Five questions on philanthropy: Hélène Nguyen Thien

His wife, Hélène Nguyen Thien, is working tirelessly to honour his legacy

 

 

Nguyen Thien Dao was a Vietnamese-French composer of contemporary classical music, who studied composition with Olivier Messiaen at the Paris Conservatory and after only a year of study, was awarded first prize in composition. Messiaen described Dao as “one of the most original composers of the age”. Dao and his music are the embodiment of two civilisations: the east and the west. 

Hélène Nguyen Thien

Wife of Nguyen Thien Dao


What motivated your philanthropy?

My husband’s last words: Dao was a composer of contemporary classical music and he wanted to pass on everything that he had received during his career in music. He wanted to help young people, help them build confidence in their abilities and their potential so that they could continue to give eternal life to music.

It stemmed from love and love of music: when one gives, one does not expect anything in return. A life without music is not a happy life. My wish is that everyone can find happiness in music.  

Tell us more about your philanthropic commitment, the actions you support and the future of your foundation?

In our support for young musicians, we hope to encourage a dialogue between different musical cultures, particularly between the East and the West. We have established scholarships at the Paris Conservatory, the Lyon Conservatory as well as the Centre Nadia et Lili Boulanger (CNLB). We are also supporting young musicians in Vietnam. Starting with the Ho Chi Minh City Conservatory, we hope to work in other areas of the country.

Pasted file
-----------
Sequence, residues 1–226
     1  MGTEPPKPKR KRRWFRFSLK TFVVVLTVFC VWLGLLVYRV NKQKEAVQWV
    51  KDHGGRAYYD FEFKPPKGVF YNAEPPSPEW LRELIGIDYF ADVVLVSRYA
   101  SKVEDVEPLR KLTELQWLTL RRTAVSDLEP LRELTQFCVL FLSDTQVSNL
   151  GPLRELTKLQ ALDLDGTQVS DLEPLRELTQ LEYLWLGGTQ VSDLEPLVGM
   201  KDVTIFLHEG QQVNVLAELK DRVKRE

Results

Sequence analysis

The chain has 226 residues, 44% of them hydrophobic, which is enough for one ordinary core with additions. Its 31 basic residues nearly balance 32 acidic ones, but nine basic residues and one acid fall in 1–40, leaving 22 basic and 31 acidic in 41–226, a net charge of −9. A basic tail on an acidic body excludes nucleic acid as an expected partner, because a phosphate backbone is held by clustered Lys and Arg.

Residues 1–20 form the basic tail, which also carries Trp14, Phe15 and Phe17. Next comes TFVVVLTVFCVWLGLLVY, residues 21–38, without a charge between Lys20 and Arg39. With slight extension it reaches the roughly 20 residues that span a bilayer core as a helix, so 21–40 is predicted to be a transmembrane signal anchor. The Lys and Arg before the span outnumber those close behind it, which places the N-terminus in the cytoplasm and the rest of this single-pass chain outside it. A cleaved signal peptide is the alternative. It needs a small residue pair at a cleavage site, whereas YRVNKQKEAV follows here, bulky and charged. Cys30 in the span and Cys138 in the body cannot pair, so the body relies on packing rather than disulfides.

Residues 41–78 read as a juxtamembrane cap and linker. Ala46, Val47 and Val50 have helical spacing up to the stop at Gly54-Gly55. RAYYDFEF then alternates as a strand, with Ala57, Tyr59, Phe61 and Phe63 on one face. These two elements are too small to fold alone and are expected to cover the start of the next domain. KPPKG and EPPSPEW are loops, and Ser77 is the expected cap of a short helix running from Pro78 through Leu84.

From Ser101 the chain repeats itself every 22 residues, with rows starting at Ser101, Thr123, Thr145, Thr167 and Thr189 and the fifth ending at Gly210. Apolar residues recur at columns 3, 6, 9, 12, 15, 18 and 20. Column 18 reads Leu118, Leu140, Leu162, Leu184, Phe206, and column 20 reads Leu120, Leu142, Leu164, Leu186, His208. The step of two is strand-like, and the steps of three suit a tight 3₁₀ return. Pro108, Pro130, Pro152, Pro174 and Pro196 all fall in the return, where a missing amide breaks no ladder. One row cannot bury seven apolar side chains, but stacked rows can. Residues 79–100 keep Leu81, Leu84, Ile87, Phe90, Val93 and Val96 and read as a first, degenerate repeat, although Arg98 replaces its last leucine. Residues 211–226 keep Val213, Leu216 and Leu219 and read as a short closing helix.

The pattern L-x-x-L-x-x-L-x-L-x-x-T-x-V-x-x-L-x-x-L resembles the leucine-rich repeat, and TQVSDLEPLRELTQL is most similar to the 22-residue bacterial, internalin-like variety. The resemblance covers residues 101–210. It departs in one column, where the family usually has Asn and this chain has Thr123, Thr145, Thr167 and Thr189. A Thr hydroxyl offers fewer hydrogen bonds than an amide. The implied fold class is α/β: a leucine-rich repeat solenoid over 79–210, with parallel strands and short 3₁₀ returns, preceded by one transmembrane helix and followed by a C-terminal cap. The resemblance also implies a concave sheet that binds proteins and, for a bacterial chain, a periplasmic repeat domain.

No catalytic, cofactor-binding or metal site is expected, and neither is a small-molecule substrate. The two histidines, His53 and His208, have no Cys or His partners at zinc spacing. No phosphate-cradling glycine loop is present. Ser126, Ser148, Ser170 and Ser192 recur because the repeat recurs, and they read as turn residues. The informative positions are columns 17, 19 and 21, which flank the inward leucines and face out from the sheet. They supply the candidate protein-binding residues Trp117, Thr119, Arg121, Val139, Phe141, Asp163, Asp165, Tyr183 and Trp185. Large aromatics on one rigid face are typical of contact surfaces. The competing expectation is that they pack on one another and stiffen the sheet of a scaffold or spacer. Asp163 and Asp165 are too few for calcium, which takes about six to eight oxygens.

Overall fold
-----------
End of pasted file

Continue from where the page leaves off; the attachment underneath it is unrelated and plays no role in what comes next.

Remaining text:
I established the Nguyen Thien Dao Fund hosted by the King Baudouin Foundation (public utility foundation in Belgium) and we have already supported a project by some young musicians due to take place in Hanoi.   

When I look to the future, I know it is important to continue to support young musicians over the long term. I hope that there will always be individuals who love young people and music and who will find means to help them. Helping these young people gives me a reason to live.

How do you feel about your initiative now? Are you having the impact you hoped?

Our impact has been encouraging so far. I hope to keep going and to reach as many young people as possible, as well as those who are not aware of our actions and the help we can give.

What advice would you give to others looking to do something similar?

It is really important to be guided by people who have the right expertise and experience. Those who can truly help are not necessarily those in your close circle – they have good intentions but they don’t necessarily have the knowledge or skills needed.  

How has the individual philanthropy advisory team has helped you?   

Their advice has been absolutely fundamental. I was in a position where I didn’t know who to contact and who could answer my questions. I also didn’t know whether my financial resources were sufficient to realise my dream. My philanthropy adviser helped me to understand my limits – we don’t know our limits. It is important to be guided by someone who can say “this is feasible, this isn’t feasible”; “these are the possible options, this is the path we could take and here are the ideas we can explore.” Otherwise the dream we have will continue to be just that, a dream.

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